One of the most spectacular birds at Iguazu Falls is the Toco toucan. It is immediately recognizable by its exceptionally large beak that it uses to reach distant fruit from its perch in the tree. Although watching a toucan struggle to position a piece of fruit it grabbed in its beak so that it can swallow it, makes you wonder if such an extravagant appendage is worth the trouble.
Another stunning large bird quite common at Iguazu is the Chestnut-eared aracari. Its oversized beak betrays its close relationship with toucans, although aracari’s beak is a little smaller in relation to its body size.
Toucans and aracaris are most conspicuous in flight, so you are most likely to see them as they soar across the open patches. They also have quite loud harsh calls that give away their presence.
Plush-crested jays are noisy social birds that live in groups of ten to twelve individuals. They forage together and cooperate at nesting sites – last year’s chicks help the adults to care for the new chicks. The jays are not shy of people and will often approach looking for food. One of their most interesting talents is the ability to imitate other birds’ calls.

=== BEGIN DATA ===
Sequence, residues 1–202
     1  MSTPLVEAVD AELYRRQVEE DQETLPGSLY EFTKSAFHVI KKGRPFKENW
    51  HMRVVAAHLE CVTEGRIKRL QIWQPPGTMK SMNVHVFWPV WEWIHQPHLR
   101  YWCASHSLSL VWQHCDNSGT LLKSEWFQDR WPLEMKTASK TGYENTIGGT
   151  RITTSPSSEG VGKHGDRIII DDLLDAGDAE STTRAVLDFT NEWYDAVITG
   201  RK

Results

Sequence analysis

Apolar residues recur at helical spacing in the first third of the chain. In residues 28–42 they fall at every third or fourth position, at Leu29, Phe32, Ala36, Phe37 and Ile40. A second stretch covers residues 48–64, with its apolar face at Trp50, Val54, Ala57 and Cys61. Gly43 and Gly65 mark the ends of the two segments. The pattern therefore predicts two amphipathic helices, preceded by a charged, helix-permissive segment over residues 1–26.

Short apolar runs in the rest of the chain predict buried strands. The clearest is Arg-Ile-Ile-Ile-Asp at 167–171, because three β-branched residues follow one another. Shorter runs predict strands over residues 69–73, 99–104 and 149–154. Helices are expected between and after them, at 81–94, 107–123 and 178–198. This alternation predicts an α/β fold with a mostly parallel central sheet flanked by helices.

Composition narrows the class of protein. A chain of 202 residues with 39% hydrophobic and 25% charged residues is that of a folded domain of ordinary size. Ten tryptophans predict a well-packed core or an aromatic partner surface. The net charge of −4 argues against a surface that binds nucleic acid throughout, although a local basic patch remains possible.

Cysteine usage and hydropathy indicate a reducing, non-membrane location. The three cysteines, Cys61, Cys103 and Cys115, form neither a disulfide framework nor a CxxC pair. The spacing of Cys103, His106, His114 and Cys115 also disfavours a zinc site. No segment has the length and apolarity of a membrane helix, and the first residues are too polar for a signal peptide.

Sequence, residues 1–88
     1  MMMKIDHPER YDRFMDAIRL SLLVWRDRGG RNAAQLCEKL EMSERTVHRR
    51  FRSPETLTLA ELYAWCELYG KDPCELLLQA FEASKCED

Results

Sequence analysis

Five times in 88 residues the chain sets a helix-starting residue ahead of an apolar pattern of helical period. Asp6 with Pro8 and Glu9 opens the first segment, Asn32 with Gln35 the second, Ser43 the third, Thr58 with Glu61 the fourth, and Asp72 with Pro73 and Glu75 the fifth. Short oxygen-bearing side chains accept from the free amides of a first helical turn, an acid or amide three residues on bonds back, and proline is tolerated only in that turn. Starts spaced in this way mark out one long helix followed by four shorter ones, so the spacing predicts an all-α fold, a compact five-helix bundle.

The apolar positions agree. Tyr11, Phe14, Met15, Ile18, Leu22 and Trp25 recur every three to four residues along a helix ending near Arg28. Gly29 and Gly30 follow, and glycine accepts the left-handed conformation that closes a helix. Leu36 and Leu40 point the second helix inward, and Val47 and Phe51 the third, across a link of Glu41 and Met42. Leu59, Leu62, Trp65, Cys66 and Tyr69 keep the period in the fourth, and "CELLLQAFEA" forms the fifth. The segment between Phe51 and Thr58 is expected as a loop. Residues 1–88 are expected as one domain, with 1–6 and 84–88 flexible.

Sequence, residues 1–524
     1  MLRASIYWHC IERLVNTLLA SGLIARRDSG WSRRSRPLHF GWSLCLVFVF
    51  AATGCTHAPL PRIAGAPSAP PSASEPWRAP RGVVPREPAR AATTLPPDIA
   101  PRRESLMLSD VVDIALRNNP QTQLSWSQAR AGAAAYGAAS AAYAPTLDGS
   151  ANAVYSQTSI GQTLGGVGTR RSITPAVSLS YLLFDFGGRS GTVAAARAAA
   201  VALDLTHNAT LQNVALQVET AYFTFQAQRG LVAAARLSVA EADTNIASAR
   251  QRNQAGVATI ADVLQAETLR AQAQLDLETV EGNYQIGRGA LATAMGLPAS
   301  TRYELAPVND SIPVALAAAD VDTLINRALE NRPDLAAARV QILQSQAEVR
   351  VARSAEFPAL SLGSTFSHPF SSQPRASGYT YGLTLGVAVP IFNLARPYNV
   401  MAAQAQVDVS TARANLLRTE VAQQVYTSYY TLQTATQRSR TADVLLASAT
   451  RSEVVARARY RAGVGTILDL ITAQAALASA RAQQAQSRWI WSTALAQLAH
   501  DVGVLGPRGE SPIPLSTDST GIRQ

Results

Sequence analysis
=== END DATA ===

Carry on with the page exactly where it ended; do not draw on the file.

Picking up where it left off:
The smaller birds are harder to spot in the forest. Thankfully, many passerine birds in this part of the world are incredibly colourful which makes them easier to see against the green background of vegetation.
Swallow tanager is mostly bright blue with patches of white and black feathers. A good place to see it is the Macuco Trail on the Argentine side of the falls. If you visit around September, you might see them nest building.
The Green-headed tanager is quite possibly the single brightest bird in South America. They are present throughout the forest at Iguazu Falls, but they may be difficult to spot high up in the canopy. We had the best luck spotting them on the small nature trail on the Brazilian side of the falls, across the road from Belmond Hotel.
Another attractive passeriform, Ultramarine grosbeak is a solitary seed eater with dark blue plumage and paler blue upper wings, brows and cheeks. It likes semi-open areas where it forages for seeds, fruit and insects.
Also known as a Turquoise honeycreeper, Blue dacnis is a bright splash of blue against the jungle green (although the female and the immature birds are emerald green). They are social birds that often travel in mixed frocks foraging for insects that they pick off the flowers, foliage and bromeliads.